Former England batsman Graeme Gooch is known for advising players to score “daddy” hundreds: When you get your eye in, take the chance and score very big.
It’s sound advice that as a coach you have no doubt given to players. Yet the way we practice is the opposite of the way we score big runs. It’s no wonder player’s score a pretty 25 and get out to a lazy shot.
In a normal net players bat for 10 minutes, do no running and face a range of bowlers bowling different balls every few seconds. It encourages pretty batting for a short period and slogging at the end.
When a batter makes a big score the routine is totally different.
Overs are bowled, there are long breaks between balls and - even in a one day game - you will be out running in the middle for over 2 hours to get to a hundred.
As a coach you need to find a way to better bridge that gap in the time available.
Never stop working on technique
When it comes to batting, you can’t work on technique enough.
Perfection rarely comes in the middle, but you should be striving to get there in practice. The more you work to develop excellent techniques, the less likely batsmen are to get out. This works because:
- Good technique prevents common faults creeping in
- Good technique develops a player’s internal confidence
- Good technical practice delivers highly specific conditioning to batting
If you can keep your shape after an hour of hitting tennis balls, you are more able to do so in the middle, and you know it.
So work on technique at every training session.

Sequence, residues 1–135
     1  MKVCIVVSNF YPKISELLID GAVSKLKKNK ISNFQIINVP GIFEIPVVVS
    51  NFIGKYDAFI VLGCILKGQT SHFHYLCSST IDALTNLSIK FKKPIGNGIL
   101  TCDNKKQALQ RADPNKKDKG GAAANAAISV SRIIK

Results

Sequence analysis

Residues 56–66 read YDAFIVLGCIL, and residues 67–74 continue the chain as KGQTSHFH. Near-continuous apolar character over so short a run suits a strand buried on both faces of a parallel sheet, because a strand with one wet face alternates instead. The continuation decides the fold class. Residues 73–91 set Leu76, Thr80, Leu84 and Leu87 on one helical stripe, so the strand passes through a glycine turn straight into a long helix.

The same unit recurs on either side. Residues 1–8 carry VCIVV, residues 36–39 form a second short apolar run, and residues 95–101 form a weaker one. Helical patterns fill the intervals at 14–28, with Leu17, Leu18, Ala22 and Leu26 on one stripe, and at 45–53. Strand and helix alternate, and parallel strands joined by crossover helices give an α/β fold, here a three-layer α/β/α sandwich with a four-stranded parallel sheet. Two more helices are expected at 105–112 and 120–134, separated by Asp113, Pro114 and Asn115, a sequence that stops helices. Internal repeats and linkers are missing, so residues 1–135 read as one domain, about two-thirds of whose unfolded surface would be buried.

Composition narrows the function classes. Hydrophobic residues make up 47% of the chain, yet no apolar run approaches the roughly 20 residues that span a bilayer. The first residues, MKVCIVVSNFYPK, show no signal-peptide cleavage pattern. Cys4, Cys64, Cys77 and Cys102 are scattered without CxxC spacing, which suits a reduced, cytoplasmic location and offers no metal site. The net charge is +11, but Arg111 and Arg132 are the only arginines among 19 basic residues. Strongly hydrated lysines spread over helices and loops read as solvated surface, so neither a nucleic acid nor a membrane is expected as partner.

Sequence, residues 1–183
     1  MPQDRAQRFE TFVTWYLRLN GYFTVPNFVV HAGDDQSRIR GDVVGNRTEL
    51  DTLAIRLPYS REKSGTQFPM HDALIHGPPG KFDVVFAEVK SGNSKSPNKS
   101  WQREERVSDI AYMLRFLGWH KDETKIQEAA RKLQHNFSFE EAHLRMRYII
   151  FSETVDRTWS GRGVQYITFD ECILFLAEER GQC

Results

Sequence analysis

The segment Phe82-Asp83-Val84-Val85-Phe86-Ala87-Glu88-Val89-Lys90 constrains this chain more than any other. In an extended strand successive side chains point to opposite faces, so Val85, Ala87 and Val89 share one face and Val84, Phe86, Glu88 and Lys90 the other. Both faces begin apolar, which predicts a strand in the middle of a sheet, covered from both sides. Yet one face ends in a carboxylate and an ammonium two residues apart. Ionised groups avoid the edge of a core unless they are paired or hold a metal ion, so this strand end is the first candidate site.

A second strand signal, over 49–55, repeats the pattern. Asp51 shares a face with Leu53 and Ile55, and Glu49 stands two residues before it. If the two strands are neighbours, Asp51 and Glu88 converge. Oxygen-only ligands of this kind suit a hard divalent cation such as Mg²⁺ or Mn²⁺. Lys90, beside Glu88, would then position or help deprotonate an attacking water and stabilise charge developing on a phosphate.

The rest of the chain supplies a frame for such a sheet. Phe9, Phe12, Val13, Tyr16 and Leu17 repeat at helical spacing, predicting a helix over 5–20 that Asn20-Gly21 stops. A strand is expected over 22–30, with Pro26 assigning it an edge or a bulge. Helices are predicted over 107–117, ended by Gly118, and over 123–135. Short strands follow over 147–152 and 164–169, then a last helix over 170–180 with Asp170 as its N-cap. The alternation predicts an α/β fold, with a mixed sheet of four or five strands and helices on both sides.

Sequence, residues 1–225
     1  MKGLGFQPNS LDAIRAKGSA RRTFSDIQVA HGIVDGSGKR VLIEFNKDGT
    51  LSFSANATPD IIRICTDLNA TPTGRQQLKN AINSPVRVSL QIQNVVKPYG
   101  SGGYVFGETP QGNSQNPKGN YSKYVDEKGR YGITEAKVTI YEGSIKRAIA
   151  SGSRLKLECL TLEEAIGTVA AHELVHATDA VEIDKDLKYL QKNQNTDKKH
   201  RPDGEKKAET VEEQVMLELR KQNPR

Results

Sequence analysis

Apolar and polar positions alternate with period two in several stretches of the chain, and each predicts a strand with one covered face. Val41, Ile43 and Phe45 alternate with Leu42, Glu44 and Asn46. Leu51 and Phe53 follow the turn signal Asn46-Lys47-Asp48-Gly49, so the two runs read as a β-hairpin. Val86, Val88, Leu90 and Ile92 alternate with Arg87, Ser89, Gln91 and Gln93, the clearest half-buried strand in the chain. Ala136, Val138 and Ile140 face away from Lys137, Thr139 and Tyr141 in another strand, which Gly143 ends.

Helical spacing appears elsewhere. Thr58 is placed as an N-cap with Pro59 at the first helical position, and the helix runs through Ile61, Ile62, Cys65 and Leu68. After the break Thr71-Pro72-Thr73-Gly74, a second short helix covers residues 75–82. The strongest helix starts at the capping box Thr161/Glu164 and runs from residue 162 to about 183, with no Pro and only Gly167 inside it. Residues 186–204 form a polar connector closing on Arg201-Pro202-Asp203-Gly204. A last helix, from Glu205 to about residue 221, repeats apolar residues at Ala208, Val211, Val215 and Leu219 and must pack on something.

The ideal is 2 hours a week of pure technical work in the off season. You can get away with less during the summer.
However, if you have an hour a week with the club under 15 batsmen maybe you only spend 10 minutes on technical development. The point is, use whatever time you have to get as close to perfection as possible.
Middle practice is a great way to mix up in-season training and helps players get in the rhythm of a match without as much pressure as playing.
It needs to be carefully set up and well organised, but batsmen get longer at the crease while bowlers get to bowl in spells.
The downside is that you need a lot of space.
You can’t do middle practice without a middle on which to practice. If the club groundsman/curator is a little precious you could struggle to even get an old wicket on which to play. Plus, there is no way to do middle practice indoors at winter nets.
If all you have is nets then the last option is perfect.
Change net practice
There is a way to combine net practice with all the good parts of middle practice, and add in some specific conditioning work for batsmen.
It’s called BATEX, and it’s been designed by a cricketer working on his PhD at the University of Western Australia – Laurence Houghton.
BATEX is an audio cue that is designed to develop both fitness and batting rhythms by using running between the wickets in nets. Players use BATEX to get the feel of what it is like to bat for that long period, and score that “daddy” hundred.
It’s simple to use in one-to-one, small groups and even squad training because all you require is a portable CD/MP3 player in your normal net session. It’s flexible enough to be used in a 20 minute session or for over 2 hours if you have the time.
Players listen to the cues, follow the instructions and get better at batting.
BATEX changes training from “having a hit” to making real progress in net sessions.
And right now it’s available on PitchVision Academy with full instructions on how, why and when to use it. You get the BATEX files, a 41 minute audio guide and a 19 page e-manual featuring the science behind BATEX, a full year training programme and instructions on how to customise use to your needs as a coach (or a player).